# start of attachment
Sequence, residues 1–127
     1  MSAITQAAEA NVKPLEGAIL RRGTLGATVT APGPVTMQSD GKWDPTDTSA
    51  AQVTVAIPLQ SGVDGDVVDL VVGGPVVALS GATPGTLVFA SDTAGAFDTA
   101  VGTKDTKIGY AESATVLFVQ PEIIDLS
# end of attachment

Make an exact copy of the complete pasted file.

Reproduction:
Sequence, residues 1–127
     1  MSAITQAAEA NVKPLEGAIL RRGTLGATVT APGPVTMQSD GKWDPTDTSA
    51  AQVTVAIPLQ SGVDGDVVDL VVGGPVVALS GATPGTLVFA SDTAGAFDTA
   101  VGTKDTKIGY AESATVLFVQ PEIIDLS